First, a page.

Angélique Kidjo, popular singer from Benin says Africa needs to be “more organized” than the militants who are stopping girls from going to school.
Growing up in the port city of Cotonou in the impoverished West African state of Benin, songstress Angélique Kidjo puts the fact that she was lucky enough to get an education down to a pact she made with her father.
In an interview with Newsweek Angelique Kidjo said, “The deal I had with my father was: You want to sing, you go to school,” says Kidjo, 55, who has won three Grammys in a career spanning three decades.
She added that ‘You’ve got to do good in school otherwise there’s no singing.’ My mum and dad believed that the best tool and weapon and wealth they could give all of us [children] was school.”
But the singer—who has just been named Amnesty International’s Ambassador of Conscience for 2016—knows that many young people in sub-Saharan Africa, particularly girls, never even get the chance at an education.
About 30 million of the region’s children were not in school in 2012, according to the United Nations educational body UNESCO, and that figure accounts for more than half of out-of-school children across the world.
For girls, the situation is worse: An estimated 9.3 million girls in sub-Saharan Africa will never set foot in a classroom, while in 13 countries in the region fewer than 90 girls are enrolled in primary school for every 100 boys.
According to Kidjo, African women and girls face a new threat to their opportunity to earn an education: violent extremism.
The growth of militant groups such as Boko Haram in Nigeria and Al-Qaeda in the Islamic Maghreb—which has recently conducted attacks in Mali, Burkina Faso and Ivory Coast—has brought progress in female education to a dramatic halt.
More than 1 million children in northeast Nigeria and surrounding countries affected by Boko Haram—which pledged allegiance to the Islamic State militant group (ISIS) in 2015—have been forced out of school, and girls have been used as suicide bombers and taken as wives for militant fighters.
“We have a new element, the terrorists that are stopping girls from going to school,” says Kidjo. “We are not as organized as those terrorists, ISIS and everybody else.
They have a purpose, and they are ready to die for it. What is our purpose that we are ready to die for?”
As the latest winner of Amnesty’s most prestigious human rights award, Kidjo joins an exclusive and impressive club.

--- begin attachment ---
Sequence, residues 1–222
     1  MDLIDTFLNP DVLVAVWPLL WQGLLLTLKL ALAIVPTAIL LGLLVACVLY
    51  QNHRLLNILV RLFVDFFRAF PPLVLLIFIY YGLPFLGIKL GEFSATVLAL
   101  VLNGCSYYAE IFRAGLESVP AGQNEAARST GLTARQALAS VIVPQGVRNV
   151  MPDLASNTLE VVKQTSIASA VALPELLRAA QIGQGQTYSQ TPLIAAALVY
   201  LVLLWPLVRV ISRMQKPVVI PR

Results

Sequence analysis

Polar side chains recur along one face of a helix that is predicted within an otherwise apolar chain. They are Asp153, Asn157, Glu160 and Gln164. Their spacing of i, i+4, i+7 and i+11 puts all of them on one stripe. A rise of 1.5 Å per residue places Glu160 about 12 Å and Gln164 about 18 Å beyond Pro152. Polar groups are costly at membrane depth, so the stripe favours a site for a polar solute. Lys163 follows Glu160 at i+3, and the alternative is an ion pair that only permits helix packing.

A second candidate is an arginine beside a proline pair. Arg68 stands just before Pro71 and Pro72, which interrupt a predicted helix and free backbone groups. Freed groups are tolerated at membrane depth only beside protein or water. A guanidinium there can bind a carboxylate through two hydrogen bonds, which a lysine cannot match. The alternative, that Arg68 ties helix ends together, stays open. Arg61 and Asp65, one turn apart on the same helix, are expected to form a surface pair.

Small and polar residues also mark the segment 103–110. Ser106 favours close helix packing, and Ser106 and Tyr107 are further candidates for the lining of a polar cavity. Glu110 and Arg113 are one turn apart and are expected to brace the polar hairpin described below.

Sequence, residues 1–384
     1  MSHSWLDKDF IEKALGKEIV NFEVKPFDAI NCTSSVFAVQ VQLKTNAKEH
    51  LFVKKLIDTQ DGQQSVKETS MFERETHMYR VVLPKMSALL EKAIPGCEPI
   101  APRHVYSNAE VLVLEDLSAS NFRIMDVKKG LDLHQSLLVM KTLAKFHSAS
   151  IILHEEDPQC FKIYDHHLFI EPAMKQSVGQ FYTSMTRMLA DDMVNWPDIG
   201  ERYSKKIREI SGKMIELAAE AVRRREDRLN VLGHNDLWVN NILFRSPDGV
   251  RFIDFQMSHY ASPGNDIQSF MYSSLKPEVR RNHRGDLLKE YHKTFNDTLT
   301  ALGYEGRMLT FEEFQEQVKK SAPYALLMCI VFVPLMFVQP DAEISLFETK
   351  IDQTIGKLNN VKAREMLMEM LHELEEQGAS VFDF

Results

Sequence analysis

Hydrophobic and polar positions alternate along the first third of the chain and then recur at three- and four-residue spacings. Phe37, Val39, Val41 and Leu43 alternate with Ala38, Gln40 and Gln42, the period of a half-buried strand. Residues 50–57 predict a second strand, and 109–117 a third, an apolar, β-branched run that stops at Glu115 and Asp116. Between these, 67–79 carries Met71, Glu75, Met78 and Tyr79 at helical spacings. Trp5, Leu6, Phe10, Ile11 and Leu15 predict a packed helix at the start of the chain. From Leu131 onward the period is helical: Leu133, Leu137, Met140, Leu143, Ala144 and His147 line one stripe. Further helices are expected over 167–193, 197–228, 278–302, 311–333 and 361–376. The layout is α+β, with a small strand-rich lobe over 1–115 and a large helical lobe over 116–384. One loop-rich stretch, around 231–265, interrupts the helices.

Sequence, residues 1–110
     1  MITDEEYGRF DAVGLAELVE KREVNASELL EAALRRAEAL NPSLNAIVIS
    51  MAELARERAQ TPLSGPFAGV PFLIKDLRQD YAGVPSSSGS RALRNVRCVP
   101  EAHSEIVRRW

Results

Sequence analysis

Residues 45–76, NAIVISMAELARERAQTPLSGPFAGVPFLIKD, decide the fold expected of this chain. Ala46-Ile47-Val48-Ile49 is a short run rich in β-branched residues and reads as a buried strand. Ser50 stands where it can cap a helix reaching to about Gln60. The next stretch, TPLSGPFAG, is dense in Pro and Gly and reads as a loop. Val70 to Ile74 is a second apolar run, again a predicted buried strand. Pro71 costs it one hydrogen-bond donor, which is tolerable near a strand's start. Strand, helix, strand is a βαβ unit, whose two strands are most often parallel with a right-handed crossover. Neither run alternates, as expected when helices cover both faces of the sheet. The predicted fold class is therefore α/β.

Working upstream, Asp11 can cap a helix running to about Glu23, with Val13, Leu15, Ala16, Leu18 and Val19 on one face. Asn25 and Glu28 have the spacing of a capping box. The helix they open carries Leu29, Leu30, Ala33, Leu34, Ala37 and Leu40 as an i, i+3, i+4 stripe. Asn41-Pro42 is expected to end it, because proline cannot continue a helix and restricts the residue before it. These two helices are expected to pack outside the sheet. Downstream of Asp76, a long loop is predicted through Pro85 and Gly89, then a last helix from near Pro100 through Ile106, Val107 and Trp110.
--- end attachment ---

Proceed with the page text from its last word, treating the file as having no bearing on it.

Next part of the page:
Previous recipients include South African anti-apartheid hero Nelson Mandela and Aung San Suu Kyi, the Myanmar politician who was held under house arrest for almost 15 years for attempting to introduce democracy to her troubled country.
A UNICEF International Goodwill Ambassador since 2002, Kidjo has been described as the “undisputed queen of African music.”
She has released 12 albums so far and received several Grammys in the World Music category, including in 2015 for her album Eve, which was dedicated to the women of Africa.
She was given the Amnesty award alongside three activist groups: Lutte pour le Changement (The fight for change), based in Democratic Republic of Congo; Senegalese movement Y’en a Marre (“Fed Up”); and Le Balai Citoyen (“The Citizen’s Broom”) in Burkina Faso.
In 2008, she founded the Batonga Foundation to push for gender parity in secondary and higher education in Africa.
While performing on stage in Zimbabwe in 2006, Kidjo criticized President Robert Mugabe, saying: “I can’t understand someone who is burning his own country and abducting his own people.
If you live by violence, you die by violence.” Agents from Mugabe’s secret service were at the concert, and the audience reportedly had to step in to stop them from pulling Kidjo off the stage before she fled.
Even with the obvious risks, Kidjo says she will keep speaking out against dictatorial African leaders and feels a particular empathy with LUCHA (The Fight For Change), which has seen dozens of its members arrested for opposing DRC President Joseph Kabila.
“They are in jail because they want to speak up and want democracy. They want peace, they want to settle, they want their country to get out of this constant violence,” she says. “Just speaking up against that put them in jail and no one is talking about it.”
On the back of her award, Kidjo says she won’t slow down with either her music or her humanitarian work.
In fact, she says, the two work together to help spread her message against dictators and those who want to deprive African girls of their rights.
“Both complement each other, one cannot exist without the other,” says Kidjo. “You cannot do advocacy without entertaining too.”